[WATCH] Land-Pimping BLM Is At It Again

in News, Opinion, Videos / by Shae Weatherall / on May 22, 2014 at 9:40 am /

Since the Bureau of Land Management (BLM) recently displayed unnecessary aggression at the Bundy Ranch in Nevada, other ranchers in similar situations across the West are preparing to defend their own ranch operations as well.

Preston Johnson owns a ranch in San Juan County in Utah where he has a deal with the BLM allowing him to graze his livestock on Federal property. He pays the grazing fees but has no illusions that he has any sort of true security should the government choose not to honor their end of the deal.
Many ranchers across the West depend on the use of Federal land for their livelihood. In the case of Johnson’s ranch, they have grazed their livestock on the same land for generations and he has plans for his own children to someday take over.
“I’ve been riding a horse and taking care of them — ever since — ever since someone could hold me on the horse, I’d like one of my kids to take it over. I’ve got children who really like coming out here and taking care of the cows and working… it’s a good family based life style to have.”
The pride and dedication Mr. Johnson has for this generational family operation is remarkable. I understand his anxiety over the thought that it could all be stolen from him and his children at the whim of an over-reaching federal agency.
In an interview with a local news station Mr. Johnson is quoted as saying, “I’ll stay here ’til they have to run me off with everything they got, because I ain’t going nowhere.”

Given the recent situations involving the BLM, I think Johnson’s anxiety and defensive stance are justified.
Besides the debacle in Nevada at the Bundy ranch and the on-going attempt to grab 90,000 acres of land adjoining the Red River on the border of Texas and Oklahoma, the BLM has been busy in Utah as well.
In 2007 they placed ‘no motor-vehicle’ restrictions on an area of land known as Recapture Canyon, not far from the Johnson ranch. The BLM ostensibly claimed concern for the preservation of possible artifacts and endangered species, though the actual existence of the aforementioned is questionable.
Over the next several years locals pleaded with the BLM to reconsider their decision to close off the canyon. Each attempt at communication was completely ignored.
This lack of response prompted Phil Lyman a San Juan County Commissioner to organize a peaceful protest rally recently at the canyon near Blanding, Utah. Dozens of locals as well as several militia members that had previously been showing support at the Bundy ranch, came together to demonstrate solidarity in confronting the BLM’s tyrannical tendencies.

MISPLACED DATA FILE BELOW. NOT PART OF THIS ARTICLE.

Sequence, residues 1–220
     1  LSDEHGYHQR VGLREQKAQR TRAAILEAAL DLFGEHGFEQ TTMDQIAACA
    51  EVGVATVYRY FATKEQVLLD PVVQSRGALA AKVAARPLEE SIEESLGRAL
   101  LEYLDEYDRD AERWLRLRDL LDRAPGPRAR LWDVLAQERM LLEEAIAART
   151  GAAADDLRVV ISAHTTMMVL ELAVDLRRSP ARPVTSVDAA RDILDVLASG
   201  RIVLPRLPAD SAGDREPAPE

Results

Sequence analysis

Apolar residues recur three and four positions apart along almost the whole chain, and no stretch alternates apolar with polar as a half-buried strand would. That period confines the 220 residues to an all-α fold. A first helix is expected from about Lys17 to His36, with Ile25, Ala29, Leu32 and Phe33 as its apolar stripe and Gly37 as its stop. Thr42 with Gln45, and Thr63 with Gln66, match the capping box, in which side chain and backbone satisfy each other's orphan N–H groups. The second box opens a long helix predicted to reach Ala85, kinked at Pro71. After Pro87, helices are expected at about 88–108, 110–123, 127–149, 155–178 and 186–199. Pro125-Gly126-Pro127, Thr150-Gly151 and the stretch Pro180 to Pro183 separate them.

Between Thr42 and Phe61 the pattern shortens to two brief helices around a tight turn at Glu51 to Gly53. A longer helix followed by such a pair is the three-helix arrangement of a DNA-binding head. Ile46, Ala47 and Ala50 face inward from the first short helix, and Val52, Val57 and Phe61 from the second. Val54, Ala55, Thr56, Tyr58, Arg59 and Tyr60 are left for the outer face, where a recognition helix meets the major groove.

A few of the protestors, in a show of defiance over the prohibition, spontaneously decided to ride their off-road vehicles through the canyon.
BLM Utah State Director Juan Palma expressed his displeasure toward the rogue riders.
“Regrettably, after a peaceful rally in Blanding, Utah, a number of individuals broke the law by driving ATVs through Recapture Canyon where ancient artifacts and dwellings may have been damaged by the riders.”
“As always, our first and most important priority is the safety of the public and our employees, and our actions today reflect that. The BLM’s law enforcement presence today focused on recording and documenting individuals who chose to violate the law by traveling into the closure area on ATVs.”
It sounds to me as if the safety of his appointed position is more important to him than the safety of the local residents. It is also obvious that he brought the “BLM’s law enforcement presence” in the hopes that some individuals would give him the chance to display his “power”. I’ll bet he was internally giddy at the opportunity to “punish” some of the locals for daring to annoy him with wanting full access to their state lands.
Palma later stated the matter of the rebellious riders is still under investigation, noting the BLM “will pursue all available redress through the legal system” to make sure the ATV enthusiasts are prosecuted to the full extent.
I find it disturbing that a bureaucratic government agency, run by appointees rather than elected officials can claim supreme stewardship over state lands, so much so that it causes Americans to be uneasy about the future of their farms and ranches.
In fact, I would contend that the management of state lands should be that state’s responsibility and any revenue that is generated by usage of that land, would belong to the state and not the federal government.
Feel free to comment below. I’d like to know what you think about the land-grabbing BLM.